And while I’m at it: a big Random Yak welcome to all the “Bacon Turkey Recipe” and “Turkey Bacon Recipe” Googlers who showed up looking for a recipe that used both turkey and bacon and actually found … exactly what they were looking for.  (I promise it won’t happen again.  Not soon, anyway.)

By U.S-E.R Demand: More Random Thanksgiving Facts

Filed under: Frivol,History Yaks,Holyday Yaks — Random Yak @ 2:09 pm on November 19, 2009

A romp through the referrer logs indicates two interesting, self-educating facts:

1. Many, many people have stopped by recently looking for “Random Thanksgiving Facts.”

2. The Random Yak is the #2 site in the Googleverse for Random Thanksgiving Facts.

Never let it be said The Yak didn’t give the people what they asked for. (Well, unless it was illegal, immoral, or fattening – and in the latter case, that’s just because I already licked it and you really don’t want yak germs, do you?)

On with the facts:

Random Facts about Thanksgiving Turkeys

1.  The type of turkey eaten by the Pilgrims, and common to North America, is Meleagris gallopavo, which is the largest of the wild turkey varieties.  (Curiously, the North American politician, Malintendis spendomucho, is also the largest turkey in its class.)

2.  Although almost all male turkeys have a feathered “beard” that sticks out from their chest, 10-20% of female turkeys also have beards.  (A characteristic which, fortunately, does not also translate to the North American politician population, except possibly in San Francisco.)

3.  Turkeys have a variety of vocalizations.  Regular readers of the blog know that the standard turkey call is not “gobble gobble” but rather Oobie oobie oobie.

4.  Approximately 88% of the homes in the U.S. serve turkey on Thanksgiving Day.  (Which leaves me with a sneaking suspicion that someone’s having Tofurky instead.  If you’re in that unfortunate 12%, permit me to apologize in advance for your relatives and their culinary preferences.)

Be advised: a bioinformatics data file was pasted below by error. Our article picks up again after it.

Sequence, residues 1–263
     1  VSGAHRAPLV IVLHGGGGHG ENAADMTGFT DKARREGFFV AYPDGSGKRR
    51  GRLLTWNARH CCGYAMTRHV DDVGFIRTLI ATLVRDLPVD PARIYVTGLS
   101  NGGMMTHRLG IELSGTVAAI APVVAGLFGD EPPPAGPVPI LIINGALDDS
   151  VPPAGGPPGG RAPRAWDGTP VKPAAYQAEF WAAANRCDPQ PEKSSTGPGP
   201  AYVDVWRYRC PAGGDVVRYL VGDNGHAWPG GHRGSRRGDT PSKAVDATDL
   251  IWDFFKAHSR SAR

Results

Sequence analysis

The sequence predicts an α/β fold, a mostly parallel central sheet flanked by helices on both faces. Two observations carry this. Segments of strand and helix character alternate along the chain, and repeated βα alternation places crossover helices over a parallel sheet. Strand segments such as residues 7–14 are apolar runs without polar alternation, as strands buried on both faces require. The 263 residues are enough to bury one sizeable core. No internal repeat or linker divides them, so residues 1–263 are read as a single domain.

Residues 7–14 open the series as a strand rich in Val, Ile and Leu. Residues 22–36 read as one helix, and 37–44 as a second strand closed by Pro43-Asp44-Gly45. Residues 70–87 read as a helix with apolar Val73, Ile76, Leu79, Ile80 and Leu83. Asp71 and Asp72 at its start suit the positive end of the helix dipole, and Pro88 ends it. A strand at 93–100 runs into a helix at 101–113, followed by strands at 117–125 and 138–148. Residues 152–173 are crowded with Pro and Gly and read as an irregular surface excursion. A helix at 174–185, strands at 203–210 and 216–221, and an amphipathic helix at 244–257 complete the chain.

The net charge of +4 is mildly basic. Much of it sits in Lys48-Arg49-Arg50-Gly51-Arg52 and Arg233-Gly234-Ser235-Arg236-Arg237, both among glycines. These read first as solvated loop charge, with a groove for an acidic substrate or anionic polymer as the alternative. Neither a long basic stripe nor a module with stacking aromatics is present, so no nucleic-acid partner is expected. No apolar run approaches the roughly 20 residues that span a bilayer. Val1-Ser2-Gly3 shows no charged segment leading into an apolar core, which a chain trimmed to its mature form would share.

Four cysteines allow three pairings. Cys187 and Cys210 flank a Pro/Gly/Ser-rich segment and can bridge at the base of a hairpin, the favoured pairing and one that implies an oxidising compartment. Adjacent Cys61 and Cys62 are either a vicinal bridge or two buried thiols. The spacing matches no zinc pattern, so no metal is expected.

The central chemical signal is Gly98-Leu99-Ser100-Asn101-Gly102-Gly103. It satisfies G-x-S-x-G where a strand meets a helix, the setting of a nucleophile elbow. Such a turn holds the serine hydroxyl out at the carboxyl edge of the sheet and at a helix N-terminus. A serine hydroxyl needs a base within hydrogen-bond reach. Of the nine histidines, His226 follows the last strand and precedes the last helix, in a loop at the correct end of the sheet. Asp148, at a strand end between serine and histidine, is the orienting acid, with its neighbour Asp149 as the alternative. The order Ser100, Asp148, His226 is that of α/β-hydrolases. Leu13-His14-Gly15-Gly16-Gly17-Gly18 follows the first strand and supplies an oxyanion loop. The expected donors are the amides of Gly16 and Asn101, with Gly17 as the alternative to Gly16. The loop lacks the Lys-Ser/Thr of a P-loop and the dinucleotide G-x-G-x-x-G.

Random Facts About Thanksgiving Dinner

1.  No matter what they told you, your relatives do not like yams.  Or parsnips.

2.  If you check with them, and they tell you I’m wrong…refer to item #1.

3.  A yam is not the same thing as a sweet potato.  Ironically, true yams are sweeter than sweet potatoes, but contain less vitamin C.  (Yams are also toxic if eaten raw, whereas sweet potatoes are merely nasty.)

4.  The amount of gravy you should serve to a child under the age of 8 is directly  proportional to the amount you want spilled on the carpet, and inversely proportional to the number of peas said child is likely to fling at his cousins when your back is turned.  (In other words: if you can’t trust him with the peas…what on earth possessed you to give him Liquid Carpet Stain.)

Stay tuned.  More facts to come …

In Which I Explain the Origin of “Oobie Oobie Oobie”

Filed under: Holyday Yaks — Random Yak @ 1:49 pm on November 18, 2009

(…by popular demand.)

It has been brought to my attention that most people think turkeys say “Gobble Gobble Gobble” but here on My Side of the Mountain, we reproduce the turkey’s standard noise as “Oobie Oobie Oobie.” It has also come to my attention that some of you wonder why.

Wherein lies a tale.

When Yak the Younger was two years old, we had a visit from some very good family friends (read: an individual  I’ve known since high school, plus that individual’s spouse).  As wise visitors often do, they brought a gift for YtY: a Beanie Baby called “Gobbles the Turkey.”  (Yes, “gobbles,” not “oobie” – bear with me.)

Upon presentation of this gift, the husband of the pair also gave Yak the Younger his best turkey call – and the guy’s a hunter, who hunts wild turkeys (which they eat, as they do everything he hunts, so the animal rights activists can take a number and prepare to be thoroughly ignored).

Yak the Younger loved the turkey, but in particular, he loved the call.  His little face lit up with absolute delight, and he seized on the turkey with a loud imitation of our friend’s (astonishingly lifelike) turkey call.